The Bible – Old Testament
1 On the tenth day of the month beginning the twenty-fifth year of our exile, fourteen years after the city was taken, that very day the hand of the LORD came upon me and brought me
in divine visions to the land of Israel, where he set me down on a very high mountain. On it there seemed to be a city being built before me.
When he had brought me there, all at once I saw a man whose appearance was that of bronze; he was standing in the gate, holding a linen cord and a measuring rod.
The man said to me, “Son of man, look carefully and listen intently, and pay strict attention to all that I will show you, for you have been brought here so that I might show it to you. Tell the house of Israel all that you see.”
2 (Then I saw an outer wall that completely surrounded the temple. The man was holding a measuring rod six cubits long, each cubit being a cubit and a handbreadth; he measured the width and the height of the structure, each of which were found to be one rod.)
3 Then he went to the gate which faced the east, climbed its steps, and measured the gate’s threshold, which was found to be a rod wide.
The cells were a rod long and a rod wide, and the pilasters between the cells measured five cubits. The threshold of the gate adjoining the vestibule of the gate toward the inside measured one rod.
He measured the vestibule of the gate,
which was eight cubits, and its pilasters, which were two cubits. The vestibule of the gate was toward the inside.
The cells of the east gate were three on either side, of equal size, and the pilasters on either side were also of equal size.
He measured the gate’s entrance, which was ten cubits wide, while the width of the gate’s passage itself was thirteen cubits.
The border before each of the cells on both sides was one cubit; the cells themselves were six cubits on either side, from opening to opening.
He measured the gate from the back wall of one cell to the back wall of the cell on the opposite side: the width was twenty-five cubits.
He measured the vestibule, which was twenty-five cubits. The pilasters adjoining the court on either side were six cubits.
The length of the gate from the front entrance to the front of the vestibule on the inside was fifty cubits.
Within the gateway on both sides there were splayed windows let into the cells (and into their pilasters); likewise, within the vestibule on both sides there were windows. The pilasters were decorated with palms.
4 Then he brought me to the outer court, where there were chambers and a pavement. The pavement was laid all around the court, and the chambers, which were on the pavement, were thirty in number.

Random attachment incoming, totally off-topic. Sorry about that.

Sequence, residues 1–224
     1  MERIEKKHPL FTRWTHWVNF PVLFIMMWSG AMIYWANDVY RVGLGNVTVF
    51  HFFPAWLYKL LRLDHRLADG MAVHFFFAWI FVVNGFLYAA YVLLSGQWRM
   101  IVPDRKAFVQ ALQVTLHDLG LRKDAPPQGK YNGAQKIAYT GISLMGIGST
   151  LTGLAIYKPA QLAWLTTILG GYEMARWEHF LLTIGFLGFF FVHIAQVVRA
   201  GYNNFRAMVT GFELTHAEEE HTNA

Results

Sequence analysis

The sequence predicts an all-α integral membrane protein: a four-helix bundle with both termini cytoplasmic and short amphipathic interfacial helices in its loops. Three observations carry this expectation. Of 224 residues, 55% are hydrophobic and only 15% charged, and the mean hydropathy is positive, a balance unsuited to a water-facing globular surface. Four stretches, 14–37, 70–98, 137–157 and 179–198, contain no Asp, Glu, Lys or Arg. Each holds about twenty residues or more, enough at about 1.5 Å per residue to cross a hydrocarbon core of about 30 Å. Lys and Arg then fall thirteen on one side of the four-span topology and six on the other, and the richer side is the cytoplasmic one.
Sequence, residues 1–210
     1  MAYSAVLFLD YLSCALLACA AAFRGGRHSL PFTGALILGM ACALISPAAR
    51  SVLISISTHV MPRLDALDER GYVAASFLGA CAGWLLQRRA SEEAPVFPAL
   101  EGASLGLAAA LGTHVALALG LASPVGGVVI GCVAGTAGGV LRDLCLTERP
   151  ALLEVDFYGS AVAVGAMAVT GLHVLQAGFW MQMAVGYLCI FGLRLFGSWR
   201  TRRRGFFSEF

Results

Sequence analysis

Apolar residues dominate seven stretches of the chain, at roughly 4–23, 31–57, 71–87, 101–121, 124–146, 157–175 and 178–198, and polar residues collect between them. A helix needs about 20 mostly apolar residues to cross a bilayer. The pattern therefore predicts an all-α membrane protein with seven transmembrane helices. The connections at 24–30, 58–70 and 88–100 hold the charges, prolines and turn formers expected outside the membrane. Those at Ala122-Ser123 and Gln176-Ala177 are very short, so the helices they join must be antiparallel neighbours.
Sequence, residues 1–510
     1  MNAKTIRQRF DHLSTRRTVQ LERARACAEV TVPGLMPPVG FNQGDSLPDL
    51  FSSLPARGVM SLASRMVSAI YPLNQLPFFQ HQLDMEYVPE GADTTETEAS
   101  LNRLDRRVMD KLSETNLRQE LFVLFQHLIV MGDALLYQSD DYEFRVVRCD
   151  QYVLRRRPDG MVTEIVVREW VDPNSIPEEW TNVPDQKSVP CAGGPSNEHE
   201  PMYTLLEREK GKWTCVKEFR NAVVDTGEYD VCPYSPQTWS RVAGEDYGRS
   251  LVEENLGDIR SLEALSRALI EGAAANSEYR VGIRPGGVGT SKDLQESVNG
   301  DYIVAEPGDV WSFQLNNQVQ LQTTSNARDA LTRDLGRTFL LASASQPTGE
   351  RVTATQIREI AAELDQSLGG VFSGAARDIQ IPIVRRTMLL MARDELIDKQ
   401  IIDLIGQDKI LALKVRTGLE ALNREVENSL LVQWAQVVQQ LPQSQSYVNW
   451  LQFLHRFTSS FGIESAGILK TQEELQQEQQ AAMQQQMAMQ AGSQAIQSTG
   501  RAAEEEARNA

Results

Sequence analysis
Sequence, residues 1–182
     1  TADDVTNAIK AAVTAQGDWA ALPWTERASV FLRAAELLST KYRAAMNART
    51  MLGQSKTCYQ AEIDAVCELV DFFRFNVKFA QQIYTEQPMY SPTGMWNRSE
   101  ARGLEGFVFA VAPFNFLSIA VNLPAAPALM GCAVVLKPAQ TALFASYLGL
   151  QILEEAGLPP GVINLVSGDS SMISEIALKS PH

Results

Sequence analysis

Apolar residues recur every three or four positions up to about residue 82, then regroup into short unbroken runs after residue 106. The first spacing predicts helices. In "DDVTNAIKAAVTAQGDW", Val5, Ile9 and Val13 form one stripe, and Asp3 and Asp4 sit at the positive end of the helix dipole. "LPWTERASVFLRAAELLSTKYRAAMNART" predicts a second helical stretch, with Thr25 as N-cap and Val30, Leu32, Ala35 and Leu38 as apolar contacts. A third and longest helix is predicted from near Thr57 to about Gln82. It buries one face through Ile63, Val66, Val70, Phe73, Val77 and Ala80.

The pavement lay alongside the gates, as wide as the gates were long; this was the lower pavement.
He measured the width of the court from the front of the lower gate to the front of the inner gate; it was one hundred cubits between them. Then he proceeded north,
where, on the outer court, there was a gate facing north, whose length and width he measured.
Its cells, three on either side, its pilasters, and its vestibule had the same measurements as those of the first gate; it was fifty cubits long and twenty-five cubits wide.
Its windows, the windows of its vestibule, and its palm decorations were of the same proportions as those of the gate facing the east. Seven steps led up to it, and its vestibule was toward the inside.
The inner court had a gate opposite the north gate, just as at the east gate; he measured one hundred cubits from one gate to the other.
Then he led me south, to where there was a southern gate, whose cells, pilasters, and vestibule he measured; they were the same size as the others.
The gate and its vestibule had windows on both sides, like the other windows. It was fifty cubits long and twenty-five cubits wide.
It was ascended by seven steps; its vestibule was toward the inside; and it was decorated with palms here and there on its pilasters.
The inner court also had a southern gate; from gate to gate he measured one hundred cubits.
5 Then he brought me to the inner court by the south gate, where he measured the south gate. Its dimensions were the same as the others;
its cells, its pilasters, and its vestibule were the same size as the others. The gate and its vestibule had windows on both sides; and it was fifty cubits long and twenty-five cubits wide.